Language barriers could mean the black and ethnic minority (BAME) communities are being underrepresented or excluded from diabetes research trials.
For the first time, a study has looked at the role of language in recruiting ethnic minority patients to type 2 diabetes trials.
BAME people are more prone to developing type 2 diabetes in comparison to the wider population.
If the participants of the trial are not representational of the groups of people who are affected by the condition, it is difficult to generalise the findings and determine whether the treatment will beneficial, experts said.
Lead author Dr Talia Isaacs, from the University of Bristol’s Graduate School of Educatio, said: “Randomised controlled trials (RCT) test the effectiveness of new medical treatments. Ideally, the group of patients participating in a trial should reflect the wider population who will be using the treatment.”
The researchers, who were also from Bristol’s School of Social and Community Medicine and School for Policy Studies, found that when making decisions about patient eligibility for trial participatio, language was only mentioned in half of the 58 trials they looked at.
Dr Daniel Hunt, assistant professor in discourse analysis from the University of Nottingham, and a co-author of the study, said: “There were no common procedures across RCTs to assess if patients had the necessary language ability to take part in the RCTs.
“For example, some listed different combinations of language skills as being considered (speaking, listening, reading, and writing) whereas others referred to patients’ native speaker status.”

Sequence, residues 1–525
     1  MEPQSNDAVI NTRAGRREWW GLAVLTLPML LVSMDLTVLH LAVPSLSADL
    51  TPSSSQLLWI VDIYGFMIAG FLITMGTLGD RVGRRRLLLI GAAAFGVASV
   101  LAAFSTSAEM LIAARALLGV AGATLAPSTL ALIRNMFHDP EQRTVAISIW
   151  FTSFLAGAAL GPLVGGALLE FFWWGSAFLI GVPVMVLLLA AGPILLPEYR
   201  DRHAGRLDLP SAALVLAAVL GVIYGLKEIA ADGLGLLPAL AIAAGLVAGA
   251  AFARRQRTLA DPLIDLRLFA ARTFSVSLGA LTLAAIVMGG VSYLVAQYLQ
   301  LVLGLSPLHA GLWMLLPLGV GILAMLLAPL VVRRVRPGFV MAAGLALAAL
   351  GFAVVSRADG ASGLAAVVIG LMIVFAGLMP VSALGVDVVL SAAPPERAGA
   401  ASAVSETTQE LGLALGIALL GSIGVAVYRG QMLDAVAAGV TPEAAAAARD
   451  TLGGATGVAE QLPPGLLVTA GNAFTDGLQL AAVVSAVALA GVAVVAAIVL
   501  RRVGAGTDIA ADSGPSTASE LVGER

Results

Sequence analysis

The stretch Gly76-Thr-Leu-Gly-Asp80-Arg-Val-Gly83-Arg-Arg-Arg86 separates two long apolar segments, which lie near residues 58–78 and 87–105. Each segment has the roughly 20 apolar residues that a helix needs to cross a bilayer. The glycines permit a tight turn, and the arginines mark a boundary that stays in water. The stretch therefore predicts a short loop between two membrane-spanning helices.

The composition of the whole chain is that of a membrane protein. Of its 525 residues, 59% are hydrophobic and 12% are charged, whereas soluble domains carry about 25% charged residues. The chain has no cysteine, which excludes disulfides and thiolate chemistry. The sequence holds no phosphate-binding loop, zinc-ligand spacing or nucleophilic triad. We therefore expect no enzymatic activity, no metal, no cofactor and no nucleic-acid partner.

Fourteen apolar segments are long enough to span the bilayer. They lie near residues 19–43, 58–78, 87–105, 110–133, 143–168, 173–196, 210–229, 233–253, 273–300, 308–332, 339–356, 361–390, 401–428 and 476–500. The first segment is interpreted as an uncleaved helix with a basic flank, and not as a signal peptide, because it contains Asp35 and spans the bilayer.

Dr Isaacs added: “None specified how the stated language criterion was measured. This suggests that decisions about whether or not patients have adequate language skills to participate in RCTs could be based on trial recruiters’ subjective decisions, which may be biased.”
A total of 79 articles from 58 RCTS were included in the study and nearly two-thirds of the RCTs included in the review provided information about the ethnic composition of the sample of patients recruited.
However, less than a third of the studies that reported on this recruited a sizeable proportion of ethnic minorities.
Many studies which had high participation rates were mainly in the US and involved a wide range of different telehealth technologies. Some intervention or trial materials were provided in another language, other than English.
Dr Isaacs said: “As a result of our findings, we recommend clearer guidelines for reporting on recruited patients’ sociodemographic characteristics, including language background and ethnicity.
“A practical language assessment tool should be developed in future research to minimise the possibility of patients being unfairly excluded from RCTs based on trial recruiters’ arbitrary judgments.”
This study, which was part of a Marie Curie grant, was carried out by an interdisciplinary research team at the Universities of Bristol and Nottingham. It was supported by the Medical Research Council (MRC) ConDuCT-II Hub at the University of Bristol’s School of Social and Community Medicine, which conducts leading methodological research on RCTs, including ways of optimising recruitment to trials.

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